Murnsv.City of New York

United States District Court, S.D. New YorkMay 15, 2001
00 CIV. 9590 (DLC) (S.D.N.Y. May. 15, 2001)

00 CIV. 9590 (DLC)

May 15, 2001

George Wachtel, Daniel Perez, Ronald L. Kuby, Law Office of Ronald L. Kuby, New York, NY, for plaintiff.

Ronald Gade, M.D., St. Barnabas Correctional Health Systems, Inc., and Doctors Roe One through Ten:, Andrew Zwirling, Garbarini Scher New York, NY, for defendants St. Barnabas Health Care Systems.


DENISE COTE, United States District Judge.

The plaintiff's daughter committed suicide while an inmate at Rikers Island. The plaintiff has sued, among others, those in charge of medical care at the prison on the theory that their deliberate indifference to the decedent's medical condition directly contributed to her death.

Defendants St. Barnabas Health Care Systems ("St. Barnabas"), St. Barnabas Correctional Health Systems, Inc. ("St. Barnabas Correctional"), and Ronald Gade, M.D. (together "medical defendants"), move to dismiss certain of the claims against them pursuant to Rule 12(b)(6), Fed.R.Civ.P. For the reasons stated below, their motion is granted in part.


The facts as alleged by plaintiff are as follows. On November 22, 1999, plaintiff's 18-year old daughter, Susan K. Murns ("Murns"), committed suicide by hanging herself from a light fixture in her cell while she was detained in the general population at the Rikers Island Correctional Facility ("Rikers Island"). She had attempted suicide at least four other times during the previous two years, including while at Rikers Island in late August 1999, all of which was documented in her Rikers Island medical records. Murns' medical history included other conduct and behavior that the defendants knew were indicia of high suicide risk, such as self-mutilation and addiction to heroin and other drugs.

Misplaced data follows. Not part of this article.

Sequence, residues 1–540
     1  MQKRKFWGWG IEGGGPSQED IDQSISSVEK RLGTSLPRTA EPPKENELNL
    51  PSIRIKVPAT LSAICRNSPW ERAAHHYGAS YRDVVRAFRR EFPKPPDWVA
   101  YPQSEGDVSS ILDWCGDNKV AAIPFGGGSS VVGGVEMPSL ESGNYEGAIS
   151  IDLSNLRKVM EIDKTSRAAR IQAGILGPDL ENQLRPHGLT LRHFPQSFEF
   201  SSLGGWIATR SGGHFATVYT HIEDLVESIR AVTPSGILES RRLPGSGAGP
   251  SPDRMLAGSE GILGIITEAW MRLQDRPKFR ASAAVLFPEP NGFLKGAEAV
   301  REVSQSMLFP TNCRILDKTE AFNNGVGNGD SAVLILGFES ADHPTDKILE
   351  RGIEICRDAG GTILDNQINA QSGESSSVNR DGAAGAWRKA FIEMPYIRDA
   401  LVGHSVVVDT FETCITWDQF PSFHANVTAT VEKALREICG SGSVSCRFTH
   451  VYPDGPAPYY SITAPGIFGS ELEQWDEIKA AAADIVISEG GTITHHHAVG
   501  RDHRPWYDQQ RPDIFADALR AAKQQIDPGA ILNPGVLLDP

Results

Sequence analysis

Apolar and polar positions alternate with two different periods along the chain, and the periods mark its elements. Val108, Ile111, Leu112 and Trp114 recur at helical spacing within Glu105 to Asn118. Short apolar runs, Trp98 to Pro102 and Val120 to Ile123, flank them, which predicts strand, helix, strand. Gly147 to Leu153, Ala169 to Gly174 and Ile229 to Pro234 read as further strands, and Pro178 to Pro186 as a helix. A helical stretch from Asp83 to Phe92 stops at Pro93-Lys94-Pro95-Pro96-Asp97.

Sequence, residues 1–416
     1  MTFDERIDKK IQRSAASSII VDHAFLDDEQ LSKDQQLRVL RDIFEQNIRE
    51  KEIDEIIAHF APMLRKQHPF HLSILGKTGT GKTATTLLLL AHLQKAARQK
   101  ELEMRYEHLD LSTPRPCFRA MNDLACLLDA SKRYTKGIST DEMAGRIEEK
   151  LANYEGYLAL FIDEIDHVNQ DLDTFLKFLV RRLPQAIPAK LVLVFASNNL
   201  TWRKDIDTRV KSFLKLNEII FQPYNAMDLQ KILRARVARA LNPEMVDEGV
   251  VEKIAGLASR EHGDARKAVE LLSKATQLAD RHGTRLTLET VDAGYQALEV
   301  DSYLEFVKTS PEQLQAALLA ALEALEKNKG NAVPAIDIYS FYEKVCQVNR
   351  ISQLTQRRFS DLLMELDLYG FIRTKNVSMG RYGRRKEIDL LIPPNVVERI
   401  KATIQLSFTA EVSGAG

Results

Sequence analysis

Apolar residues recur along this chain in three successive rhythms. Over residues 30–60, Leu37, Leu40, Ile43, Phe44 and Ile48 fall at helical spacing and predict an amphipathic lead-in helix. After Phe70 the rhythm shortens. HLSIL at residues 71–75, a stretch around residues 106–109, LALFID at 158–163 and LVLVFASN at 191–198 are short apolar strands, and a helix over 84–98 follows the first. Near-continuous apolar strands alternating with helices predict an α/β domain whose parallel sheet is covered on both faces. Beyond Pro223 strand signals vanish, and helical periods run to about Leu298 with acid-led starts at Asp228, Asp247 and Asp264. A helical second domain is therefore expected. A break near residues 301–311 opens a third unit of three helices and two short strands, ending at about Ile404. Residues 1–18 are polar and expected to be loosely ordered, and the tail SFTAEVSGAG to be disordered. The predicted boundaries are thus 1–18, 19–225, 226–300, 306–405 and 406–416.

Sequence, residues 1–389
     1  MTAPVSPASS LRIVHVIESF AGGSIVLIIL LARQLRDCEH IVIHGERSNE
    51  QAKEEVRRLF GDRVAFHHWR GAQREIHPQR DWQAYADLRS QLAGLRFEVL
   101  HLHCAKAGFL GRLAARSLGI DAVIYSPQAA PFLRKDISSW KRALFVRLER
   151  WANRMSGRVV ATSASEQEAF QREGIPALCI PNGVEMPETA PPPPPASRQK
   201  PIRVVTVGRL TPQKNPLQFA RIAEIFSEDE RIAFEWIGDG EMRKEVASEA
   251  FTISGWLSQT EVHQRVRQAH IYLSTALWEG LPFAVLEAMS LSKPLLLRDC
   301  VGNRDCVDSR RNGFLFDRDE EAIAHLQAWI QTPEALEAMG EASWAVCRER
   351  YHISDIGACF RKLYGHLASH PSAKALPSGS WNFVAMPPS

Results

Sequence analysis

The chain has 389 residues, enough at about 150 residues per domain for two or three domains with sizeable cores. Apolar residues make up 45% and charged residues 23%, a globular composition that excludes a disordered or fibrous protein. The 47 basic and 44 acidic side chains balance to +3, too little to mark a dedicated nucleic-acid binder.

Defendant City of New York (the "City") operated and administered Rikers Island through its subdivision, the New York City Department of Corrections, and was ultimately responsible for the care and safety of its inmates. Defendant Bernard C. Kerik was the City's Commissioner of Corrections. Defendant New York City Health and Hospitals Corporation ("HHC") is a municipally operated corporation, which is responsible for the medical and mental health facilities, policies, and procedures at Rikers Island. HHC performed its obligations through its subdivision, the HHC Office of Correctional Health Services. Defendant Luis R. Marcos, M.D. was the President of HHC.